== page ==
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Business Rates Are 'Not Fit for Purpose'

05 March 2014 | Updated 01 January 1970
 
A Parliamentary Committee has criticised UK business rates as damaging to the existing and future retail sector in Britain, stating: ‘We conclude that business rates, in their current form, are not fit for purpose.’

This indictment comes from the Business, Innovation and Skills Committee.

While acknowledging that the retail sector is a ‘success story’, it attacked the fact that business rate levels are the highest in the European Union and that they posed a serious threat to the continuation of the High Street. ‘Business rates are a substantial cost to doing business in the United Kingdom and are one of the highest forms of local property tax in the EU’, said a Committee report’.  It continued: ‘The evidence overwhelmingly cited the issue of business rates as one of the principal threats to the survival of existing retail businesses’.

The Parliamentary Committee went on to urge the Department of Business, Innovation and Skills to put pressure on the Treasury and the Department of Communities and Local Government so that the retail sector could be encouraged to develop and invest, rather than to see it as a cash cow that could be squeezed dry.

 

The key points for proposed reform are:
  • Whether retail taxes should be based on sales, rather than on property.
  • Whether the retail sector should have its own form of taxation, calculated in a different way from other businesses.
  • How frequently the revaluation of Business Rates should take place.

The major criticisms to the proposals, such as those voiced by the British Chambers of Commerce, is that there has to be an acceptance that if change occurs, someone else will have to foot the difference. There was also a need to see business rates as affecting more than just the retail sector.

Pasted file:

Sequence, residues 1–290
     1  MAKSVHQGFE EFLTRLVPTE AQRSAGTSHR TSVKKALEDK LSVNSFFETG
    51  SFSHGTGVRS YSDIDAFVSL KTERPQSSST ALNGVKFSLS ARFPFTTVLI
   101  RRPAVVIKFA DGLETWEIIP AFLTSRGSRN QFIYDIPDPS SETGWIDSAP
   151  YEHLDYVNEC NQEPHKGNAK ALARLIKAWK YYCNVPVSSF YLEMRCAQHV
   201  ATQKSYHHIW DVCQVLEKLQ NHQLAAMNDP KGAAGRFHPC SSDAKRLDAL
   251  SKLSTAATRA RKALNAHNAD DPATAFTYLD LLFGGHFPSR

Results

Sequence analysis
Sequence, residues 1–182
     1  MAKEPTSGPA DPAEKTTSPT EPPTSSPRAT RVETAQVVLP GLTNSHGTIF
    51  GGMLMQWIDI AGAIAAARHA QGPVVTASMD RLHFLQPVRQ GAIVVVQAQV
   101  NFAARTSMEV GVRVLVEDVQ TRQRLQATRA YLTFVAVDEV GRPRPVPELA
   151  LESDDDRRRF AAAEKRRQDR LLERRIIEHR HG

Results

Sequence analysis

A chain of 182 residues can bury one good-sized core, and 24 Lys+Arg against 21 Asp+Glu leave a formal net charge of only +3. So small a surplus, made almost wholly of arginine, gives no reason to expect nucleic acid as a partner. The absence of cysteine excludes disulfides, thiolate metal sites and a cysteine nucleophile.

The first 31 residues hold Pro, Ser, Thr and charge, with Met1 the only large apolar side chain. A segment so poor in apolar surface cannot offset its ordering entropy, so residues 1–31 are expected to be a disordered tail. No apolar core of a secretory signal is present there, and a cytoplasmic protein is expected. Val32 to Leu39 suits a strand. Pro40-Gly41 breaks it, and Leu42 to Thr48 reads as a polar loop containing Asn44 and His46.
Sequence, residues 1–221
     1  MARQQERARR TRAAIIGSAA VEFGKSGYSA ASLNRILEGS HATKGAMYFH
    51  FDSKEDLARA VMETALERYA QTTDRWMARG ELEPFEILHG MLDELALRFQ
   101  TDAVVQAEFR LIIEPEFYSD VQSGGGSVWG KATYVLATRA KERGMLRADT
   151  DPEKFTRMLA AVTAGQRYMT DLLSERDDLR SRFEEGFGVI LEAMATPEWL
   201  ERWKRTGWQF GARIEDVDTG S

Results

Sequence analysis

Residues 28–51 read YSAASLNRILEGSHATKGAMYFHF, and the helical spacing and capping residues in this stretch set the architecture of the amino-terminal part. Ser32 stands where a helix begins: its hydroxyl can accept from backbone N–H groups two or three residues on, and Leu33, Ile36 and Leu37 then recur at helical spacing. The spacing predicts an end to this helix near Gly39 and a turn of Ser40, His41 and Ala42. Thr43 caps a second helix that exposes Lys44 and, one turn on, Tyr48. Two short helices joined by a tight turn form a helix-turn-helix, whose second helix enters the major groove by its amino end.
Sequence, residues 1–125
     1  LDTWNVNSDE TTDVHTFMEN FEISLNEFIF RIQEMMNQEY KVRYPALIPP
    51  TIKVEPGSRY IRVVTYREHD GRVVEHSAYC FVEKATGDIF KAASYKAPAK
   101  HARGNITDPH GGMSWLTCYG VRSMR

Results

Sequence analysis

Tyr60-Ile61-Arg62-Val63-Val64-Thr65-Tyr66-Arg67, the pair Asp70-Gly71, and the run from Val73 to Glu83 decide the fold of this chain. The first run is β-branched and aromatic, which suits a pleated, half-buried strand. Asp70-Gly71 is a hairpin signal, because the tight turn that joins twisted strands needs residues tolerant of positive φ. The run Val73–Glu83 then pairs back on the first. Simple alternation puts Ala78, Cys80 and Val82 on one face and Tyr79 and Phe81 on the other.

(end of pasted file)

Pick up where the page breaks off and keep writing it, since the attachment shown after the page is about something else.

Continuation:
As an example of that, the Mormon Church in the UK has had to accept a decision by the European Court in Strasbourg this week that upheld a legal ruling that its Chorley temple was not exempt from business rates, although there was a reduced rate of 80% due to its charitable status.

 

Prime Minister, David Cameron, has accepted that the current system lacks the kind of fairness that should be there. Addressing the conference of the Federation of Small Businesses this week, he said reform was necessary but that there were inherent problems: ‘It is not going to be easy because rates raise about £24 billion and I don’t think there is any one solution that is going to make everybody happy.”

Mr Cameron was, however, told that the anomalies in the system have led to the situation where a local retail outlet in Rochdale was charged more per square metre than Harrods, proving that business rates were in desperate need of change.

Picture – image is for illustration only

Article written by Mike Gannon | Published 05 March 2014

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